....which we snapped just before the guard told us that no photos were allowed. Oops.

Monday, August 23, 2010

At the Log Cabin

For a semi relaxing weekend get-away, Reese and I drove up to east Texas to his mom's side of the family's lake house. It's not so much of a lake house as it is a lake cabin. The most accurate description of the cabin is that it's VERY rustic...rustic and charming.

Honestly, we don't go up there enough. Life, especially weekends, get so full, and before we know it, it's been a whole year or more between visits.

In spite or perhaps because of the rusticness, I love cooking in this kitchen. For this meal, we had black bean chicken simmered in rum and salsa, mexican calabasita squash cooked in butter and onions, sweet potato slices coated with olive oil, salt, and pepper, thin tortilla chips, served with Saint Arnold Elissa IPA and Monte Oton Garnacha red wine, AND home made (from scratch -- the best kind) brownies for dessert.....

....which we ate on the screened porch while enjoying this view of the lake.

Yes, it was hot, especially when the wind stopped. No, I did not take my paints or canvases. Yes, we took the ukulele and guitar but sadly, no, we did not play them. Yes, we sailed on the lake. Well, Reese sailed. I was tethered to the sailboat and floated along behind the Amazing Reese on a chair raft type thing -- super fun. No, we did not take Skipper the dog, poor thing. Yes-can-you-believe-it, we slept for 11 hours one night! Yes, as often happens after a "vacation," I'm still tired. Yes-thank-you, Reese and I both enjoyed it.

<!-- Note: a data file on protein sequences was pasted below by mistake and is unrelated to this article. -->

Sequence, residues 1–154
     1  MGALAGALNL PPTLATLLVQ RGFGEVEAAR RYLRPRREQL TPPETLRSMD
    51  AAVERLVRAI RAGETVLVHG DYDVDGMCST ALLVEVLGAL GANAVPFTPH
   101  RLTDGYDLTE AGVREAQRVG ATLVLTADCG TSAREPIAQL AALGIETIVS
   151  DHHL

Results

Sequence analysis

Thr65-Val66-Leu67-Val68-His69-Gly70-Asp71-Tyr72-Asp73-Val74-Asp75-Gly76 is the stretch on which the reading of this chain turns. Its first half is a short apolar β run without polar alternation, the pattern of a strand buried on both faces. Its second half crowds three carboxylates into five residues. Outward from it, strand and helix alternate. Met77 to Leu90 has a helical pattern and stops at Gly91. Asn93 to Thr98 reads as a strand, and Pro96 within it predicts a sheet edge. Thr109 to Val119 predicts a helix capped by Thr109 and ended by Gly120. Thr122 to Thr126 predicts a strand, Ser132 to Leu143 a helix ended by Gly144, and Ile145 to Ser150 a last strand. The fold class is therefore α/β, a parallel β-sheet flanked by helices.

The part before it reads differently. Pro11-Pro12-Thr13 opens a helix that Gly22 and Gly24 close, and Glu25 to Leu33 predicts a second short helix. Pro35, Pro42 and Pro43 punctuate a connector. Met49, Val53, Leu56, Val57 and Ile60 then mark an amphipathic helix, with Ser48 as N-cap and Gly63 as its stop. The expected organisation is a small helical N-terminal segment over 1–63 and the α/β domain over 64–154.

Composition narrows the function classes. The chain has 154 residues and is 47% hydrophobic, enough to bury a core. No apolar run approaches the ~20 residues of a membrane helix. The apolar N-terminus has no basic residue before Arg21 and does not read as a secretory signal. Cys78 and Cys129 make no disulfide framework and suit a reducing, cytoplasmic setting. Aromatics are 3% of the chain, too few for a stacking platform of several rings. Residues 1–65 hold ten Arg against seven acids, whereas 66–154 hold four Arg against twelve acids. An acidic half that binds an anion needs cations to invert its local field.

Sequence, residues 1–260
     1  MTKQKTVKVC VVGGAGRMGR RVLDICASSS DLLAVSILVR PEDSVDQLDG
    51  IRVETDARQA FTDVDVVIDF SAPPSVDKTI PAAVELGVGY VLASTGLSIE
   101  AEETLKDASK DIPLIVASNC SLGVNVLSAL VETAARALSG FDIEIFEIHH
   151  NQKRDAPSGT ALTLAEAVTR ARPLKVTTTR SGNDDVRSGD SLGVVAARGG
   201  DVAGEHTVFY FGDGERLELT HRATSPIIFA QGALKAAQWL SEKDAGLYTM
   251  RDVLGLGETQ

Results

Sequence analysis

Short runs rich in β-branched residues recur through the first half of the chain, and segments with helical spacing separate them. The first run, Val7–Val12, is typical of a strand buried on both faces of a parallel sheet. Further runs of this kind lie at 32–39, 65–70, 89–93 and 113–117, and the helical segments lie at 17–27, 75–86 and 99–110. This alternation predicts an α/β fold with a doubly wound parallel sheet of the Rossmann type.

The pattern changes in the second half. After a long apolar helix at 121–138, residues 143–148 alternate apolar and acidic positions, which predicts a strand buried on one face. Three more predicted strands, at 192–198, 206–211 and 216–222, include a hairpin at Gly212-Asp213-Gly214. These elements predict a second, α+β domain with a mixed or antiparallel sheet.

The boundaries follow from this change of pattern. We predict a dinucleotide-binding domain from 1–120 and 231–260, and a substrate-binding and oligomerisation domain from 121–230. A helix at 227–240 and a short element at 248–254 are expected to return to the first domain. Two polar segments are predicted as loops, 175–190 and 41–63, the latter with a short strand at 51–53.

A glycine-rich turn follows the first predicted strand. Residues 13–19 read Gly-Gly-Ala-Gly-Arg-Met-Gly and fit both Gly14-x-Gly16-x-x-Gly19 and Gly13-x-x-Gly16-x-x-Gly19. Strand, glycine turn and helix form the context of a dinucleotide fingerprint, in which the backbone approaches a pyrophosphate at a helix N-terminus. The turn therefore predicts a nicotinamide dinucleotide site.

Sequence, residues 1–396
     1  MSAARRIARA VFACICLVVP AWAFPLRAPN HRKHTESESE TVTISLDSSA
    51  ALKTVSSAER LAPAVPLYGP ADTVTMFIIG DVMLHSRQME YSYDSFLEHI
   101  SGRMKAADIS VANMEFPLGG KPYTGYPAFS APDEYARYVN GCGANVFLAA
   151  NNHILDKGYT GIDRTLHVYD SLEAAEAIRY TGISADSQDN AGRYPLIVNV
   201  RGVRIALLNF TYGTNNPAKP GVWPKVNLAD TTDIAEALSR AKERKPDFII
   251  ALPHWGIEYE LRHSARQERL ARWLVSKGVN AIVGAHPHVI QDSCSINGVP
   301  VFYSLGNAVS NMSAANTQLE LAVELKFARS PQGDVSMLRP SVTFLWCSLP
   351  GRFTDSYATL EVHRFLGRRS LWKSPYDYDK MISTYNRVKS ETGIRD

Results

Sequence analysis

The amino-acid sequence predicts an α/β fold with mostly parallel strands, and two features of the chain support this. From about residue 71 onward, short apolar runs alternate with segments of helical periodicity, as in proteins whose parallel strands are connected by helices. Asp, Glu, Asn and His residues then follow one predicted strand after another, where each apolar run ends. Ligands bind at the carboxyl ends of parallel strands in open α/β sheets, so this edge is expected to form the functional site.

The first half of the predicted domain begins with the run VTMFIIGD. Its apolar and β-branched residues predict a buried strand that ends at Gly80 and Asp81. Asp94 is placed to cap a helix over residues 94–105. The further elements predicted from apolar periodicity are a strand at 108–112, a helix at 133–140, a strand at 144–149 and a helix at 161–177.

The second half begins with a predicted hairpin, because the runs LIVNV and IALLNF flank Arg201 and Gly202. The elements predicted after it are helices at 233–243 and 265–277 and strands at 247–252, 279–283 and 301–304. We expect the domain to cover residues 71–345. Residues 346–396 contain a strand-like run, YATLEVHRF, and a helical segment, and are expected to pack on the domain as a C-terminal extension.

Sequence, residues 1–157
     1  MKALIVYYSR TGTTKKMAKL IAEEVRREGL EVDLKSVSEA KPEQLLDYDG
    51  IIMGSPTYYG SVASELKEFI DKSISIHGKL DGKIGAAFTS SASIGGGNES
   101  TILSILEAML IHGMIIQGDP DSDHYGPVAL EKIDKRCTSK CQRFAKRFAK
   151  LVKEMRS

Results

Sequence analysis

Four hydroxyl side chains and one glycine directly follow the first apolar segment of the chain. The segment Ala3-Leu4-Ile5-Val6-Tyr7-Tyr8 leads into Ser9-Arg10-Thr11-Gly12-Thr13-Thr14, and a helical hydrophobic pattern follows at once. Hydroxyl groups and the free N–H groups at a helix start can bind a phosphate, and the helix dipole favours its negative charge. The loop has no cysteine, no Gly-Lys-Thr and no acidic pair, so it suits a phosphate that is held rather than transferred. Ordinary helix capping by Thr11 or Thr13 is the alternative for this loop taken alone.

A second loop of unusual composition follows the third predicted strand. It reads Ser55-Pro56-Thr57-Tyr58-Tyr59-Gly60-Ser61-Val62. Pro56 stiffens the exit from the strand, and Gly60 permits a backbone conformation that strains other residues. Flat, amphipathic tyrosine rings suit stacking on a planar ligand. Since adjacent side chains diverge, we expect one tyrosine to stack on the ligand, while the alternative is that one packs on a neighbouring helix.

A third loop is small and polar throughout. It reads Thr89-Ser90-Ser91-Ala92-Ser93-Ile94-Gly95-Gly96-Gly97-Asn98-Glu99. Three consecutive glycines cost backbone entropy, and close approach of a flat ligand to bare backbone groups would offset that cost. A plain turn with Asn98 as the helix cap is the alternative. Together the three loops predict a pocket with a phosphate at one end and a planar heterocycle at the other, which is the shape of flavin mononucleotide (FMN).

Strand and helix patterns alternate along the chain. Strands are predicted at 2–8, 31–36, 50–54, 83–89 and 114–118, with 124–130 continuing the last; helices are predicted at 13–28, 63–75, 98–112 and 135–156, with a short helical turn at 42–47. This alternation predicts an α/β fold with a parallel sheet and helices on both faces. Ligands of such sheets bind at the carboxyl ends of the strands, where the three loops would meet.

Wednesday, August 18, 2010


The beauty of this painting? Reuben will never see it. Because of the enormous amount of trouble I'm having with my newest latest portrait commission, I painted Reuben as a confidence builder.

As mentioned before, portrait commissions are difficult for several reasons....the artist, first and foremost, has to please the person who commissioned the painting, the artist has to please the subject of the painting, and the artist has to please, in my case, herself.

Reuben did not commission me to paint this. Reuben will never see this painting. And, even in this state, (not sure what to do about the background,) I like it.

The portrait commission? It has hit another snag. I'm getting ready to start a third version and see how that goes. Oh, well.

Tuesday, August 17, 2010

Andy and Philosophy